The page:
Tip: Many Low-Stakes Assignments
A flexible design strategy that reinforces new content knowledge and skills, offers opportunities for practice, lowers stress & reduces the incentive to cheat.
Last week I shared thoughts on planning for flexibility by designing for online delivery of content and activities. The next flexible design strategy is creating more low-stakes assignments so that students have many opportunities to test their content knowledge or skills development before getting to higher-stakes exams or projects. As with any other course design strategy, I balance what I think is most effective in helping students master the content and skills against what I can realistically manage over the semester. This means some trade-offs: more quizzes, but not all of them get feedback beyond what is set up in the automatic scoring. More choice within each week or unit, but those choices repeat over the semester.
What I do…
I combine offering many low-stakes assignments with a couple of other strategies:
Offer choice in activities: complete 5 out of 8 low-stakes assignments.
Set up auto-graded formative assessments (weekly quizzes) to provide quick feedback and encourage students to keep trying.
Allow students multiple attempts on low-point assignments - they learn more by repeating an assessment than by failing it.
Use low-stakes assignments to build skills so students are prepared to tackle higher-stakes assignments.
What it could look like…
I set up collections of activities (tasks) in which students have choice over what tasks they complete - holding students accountable while allowing them to move forward independently. To help students with completing a reading assignment, I might offer a choice of six different lower-stakes tasks, and ask them to complete four.
Task 1: Complete a note-taking guide while reading.
Task 2: Write a reading summary and peer review with a classmate.
Task 3: Complete an online quiz - repeat until target score is achieved.
Task 4: Submit a reading reflection.
Task 5: Draft a chapter outline and share it with a study group.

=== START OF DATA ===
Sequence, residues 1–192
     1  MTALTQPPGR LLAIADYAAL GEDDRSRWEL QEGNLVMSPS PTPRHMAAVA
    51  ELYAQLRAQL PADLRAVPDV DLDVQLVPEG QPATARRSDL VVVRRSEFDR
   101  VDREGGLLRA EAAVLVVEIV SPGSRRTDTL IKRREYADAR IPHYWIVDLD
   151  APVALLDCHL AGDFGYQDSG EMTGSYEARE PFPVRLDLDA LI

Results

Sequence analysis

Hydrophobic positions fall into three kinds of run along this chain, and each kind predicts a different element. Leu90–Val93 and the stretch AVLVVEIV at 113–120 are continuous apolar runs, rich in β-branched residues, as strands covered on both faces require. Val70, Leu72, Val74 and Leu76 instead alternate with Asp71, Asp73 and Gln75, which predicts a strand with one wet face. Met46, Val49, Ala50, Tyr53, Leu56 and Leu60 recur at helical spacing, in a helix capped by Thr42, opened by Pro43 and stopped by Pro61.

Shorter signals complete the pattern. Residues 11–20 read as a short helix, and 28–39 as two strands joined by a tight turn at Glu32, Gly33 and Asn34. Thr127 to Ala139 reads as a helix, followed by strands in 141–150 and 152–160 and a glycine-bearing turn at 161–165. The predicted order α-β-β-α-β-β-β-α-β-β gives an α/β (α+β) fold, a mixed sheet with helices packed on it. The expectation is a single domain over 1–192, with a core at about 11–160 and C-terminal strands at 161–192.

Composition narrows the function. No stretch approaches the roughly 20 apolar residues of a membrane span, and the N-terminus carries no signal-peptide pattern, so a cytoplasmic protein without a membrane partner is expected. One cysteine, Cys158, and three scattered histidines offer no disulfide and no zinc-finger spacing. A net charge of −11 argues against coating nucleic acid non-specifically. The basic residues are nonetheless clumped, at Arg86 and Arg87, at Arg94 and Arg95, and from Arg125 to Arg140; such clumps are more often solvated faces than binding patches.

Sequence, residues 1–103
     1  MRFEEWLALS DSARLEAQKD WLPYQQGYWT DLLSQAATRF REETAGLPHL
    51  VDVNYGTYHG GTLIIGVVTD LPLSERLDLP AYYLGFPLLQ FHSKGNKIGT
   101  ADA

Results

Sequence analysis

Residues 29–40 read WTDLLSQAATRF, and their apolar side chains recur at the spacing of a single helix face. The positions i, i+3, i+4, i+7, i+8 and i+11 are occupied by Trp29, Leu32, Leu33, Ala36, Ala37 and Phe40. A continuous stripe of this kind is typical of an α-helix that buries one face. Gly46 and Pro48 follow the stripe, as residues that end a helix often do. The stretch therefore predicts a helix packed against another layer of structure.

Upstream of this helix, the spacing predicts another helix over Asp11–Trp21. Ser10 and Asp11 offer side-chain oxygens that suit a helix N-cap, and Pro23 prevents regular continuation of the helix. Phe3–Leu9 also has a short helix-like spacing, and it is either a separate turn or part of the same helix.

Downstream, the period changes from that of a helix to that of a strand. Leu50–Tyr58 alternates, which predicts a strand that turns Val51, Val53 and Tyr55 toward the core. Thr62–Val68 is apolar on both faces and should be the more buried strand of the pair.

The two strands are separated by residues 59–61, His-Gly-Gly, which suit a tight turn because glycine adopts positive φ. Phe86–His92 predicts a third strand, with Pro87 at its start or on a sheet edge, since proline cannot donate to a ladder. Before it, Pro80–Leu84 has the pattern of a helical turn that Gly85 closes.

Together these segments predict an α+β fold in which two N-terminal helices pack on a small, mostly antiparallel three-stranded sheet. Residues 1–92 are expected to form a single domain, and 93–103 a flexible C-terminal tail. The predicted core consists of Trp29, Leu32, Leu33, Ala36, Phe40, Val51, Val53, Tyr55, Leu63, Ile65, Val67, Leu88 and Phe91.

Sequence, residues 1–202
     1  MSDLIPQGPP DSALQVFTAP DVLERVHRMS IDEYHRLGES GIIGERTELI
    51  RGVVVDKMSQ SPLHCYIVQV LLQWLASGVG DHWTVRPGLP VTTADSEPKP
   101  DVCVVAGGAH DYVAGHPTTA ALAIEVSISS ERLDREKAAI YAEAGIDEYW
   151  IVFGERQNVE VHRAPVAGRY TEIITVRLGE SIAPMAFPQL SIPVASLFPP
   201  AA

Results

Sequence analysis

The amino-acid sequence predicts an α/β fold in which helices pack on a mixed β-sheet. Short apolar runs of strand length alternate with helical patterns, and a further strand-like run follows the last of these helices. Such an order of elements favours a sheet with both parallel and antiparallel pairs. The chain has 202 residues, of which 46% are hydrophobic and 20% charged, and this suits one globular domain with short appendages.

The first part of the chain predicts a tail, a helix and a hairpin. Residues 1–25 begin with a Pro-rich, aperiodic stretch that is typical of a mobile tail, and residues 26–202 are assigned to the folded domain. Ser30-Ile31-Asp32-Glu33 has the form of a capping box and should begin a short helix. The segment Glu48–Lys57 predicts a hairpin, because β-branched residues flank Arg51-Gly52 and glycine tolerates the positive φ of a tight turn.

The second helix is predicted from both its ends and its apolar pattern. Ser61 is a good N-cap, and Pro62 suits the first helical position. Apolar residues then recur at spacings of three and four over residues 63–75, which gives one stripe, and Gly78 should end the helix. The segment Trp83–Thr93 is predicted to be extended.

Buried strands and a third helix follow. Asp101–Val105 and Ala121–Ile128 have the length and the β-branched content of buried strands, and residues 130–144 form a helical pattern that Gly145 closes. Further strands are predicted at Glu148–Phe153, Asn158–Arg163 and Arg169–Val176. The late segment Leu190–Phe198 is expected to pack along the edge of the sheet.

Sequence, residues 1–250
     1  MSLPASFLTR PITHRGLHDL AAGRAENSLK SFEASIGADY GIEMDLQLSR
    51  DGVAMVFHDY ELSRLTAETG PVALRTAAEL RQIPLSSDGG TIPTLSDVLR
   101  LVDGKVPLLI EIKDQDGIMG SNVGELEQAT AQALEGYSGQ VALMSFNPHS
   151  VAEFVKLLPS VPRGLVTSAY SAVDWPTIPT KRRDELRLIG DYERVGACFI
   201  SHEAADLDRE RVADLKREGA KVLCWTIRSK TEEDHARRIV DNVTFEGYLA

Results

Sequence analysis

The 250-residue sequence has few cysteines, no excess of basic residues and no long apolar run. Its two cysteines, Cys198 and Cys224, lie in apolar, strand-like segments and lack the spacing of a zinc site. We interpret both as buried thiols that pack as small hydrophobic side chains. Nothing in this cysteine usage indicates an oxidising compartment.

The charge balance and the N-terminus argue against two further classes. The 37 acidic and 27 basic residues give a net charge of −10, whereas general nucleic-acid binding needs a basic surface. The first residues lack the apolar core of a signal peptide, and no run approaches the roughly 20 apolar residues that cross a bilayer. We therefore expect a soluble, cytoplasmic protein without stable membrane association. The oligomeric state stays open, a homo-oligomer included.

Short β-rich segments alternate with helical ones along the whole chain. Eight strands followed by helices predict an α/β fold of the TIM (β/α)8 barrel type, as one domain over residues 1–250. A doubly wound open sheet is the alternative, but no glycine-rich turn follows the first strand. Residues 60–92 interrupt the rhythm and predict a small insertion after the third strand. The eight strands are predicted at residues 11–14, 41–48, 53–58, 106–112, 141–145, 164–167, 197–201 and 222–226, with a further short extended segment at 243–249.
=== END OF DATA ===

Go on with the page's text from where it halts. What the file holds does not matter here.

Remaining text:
Task 6: Work with a small group to plan a mini-lesson for class.
High-Stakes Task: Apply knowledge - written response, lab report, exam…
While it’s more work to create six different assignments rather than just 2-3, once created the assignments can be relatively easily duplicated from week to week - I don’t have to really change the instructions for “complete a note-taking guide” even if the guide itself is different for each week. As with most course design decisions, this gets easier the more times you teach the course and can build on what you’ve created in past semesters.
Why I think it works…
Reinforces new content. I use short quizzes immediately after a reading assignment or after a class session to offer a quick comprehension check on what was just covered. This helps students understand what were the key points from a class activity or reading, and helps me see where students “got it” or where I need to provide more practice or explanation.
Opportunities for practice. Providing frequent low-stakes assignments gives students more opportunities to practice skills, which is important both to get better and to increase their confidence.
Lowers stress. By giving students many small-points (or, zero points) activities, whether they do well on any one individual activity doesn’t matter quite so much. It’s a less stressful environment because they know that either there are many more opportunities coming later in the semester, or they have the opportunity to redo the quiz they’ve just taken.
Reduces incentive to cheat. Because there are many assignments, with lots of choices, and each individual assignment is only a small part of the final grade, there’s less reward for cheating on an assignment. If a student does copy or share work, because there are many assignments their overall learning is less impacted by “skipping” an assignment.
In the end, I think it’s important to be honest about what offering students more opportunities means for an instructor. Not all of us have the freedom to implement some of these course design decisions, and it is not a small amount of work to set up a new course with this much flexibility. However, even small steps towards more flexible, student-centered design choices can help students be more successful. Next week I plan to share some ideas about allowing students multiple ways of demonstrating mastery of course content & skills.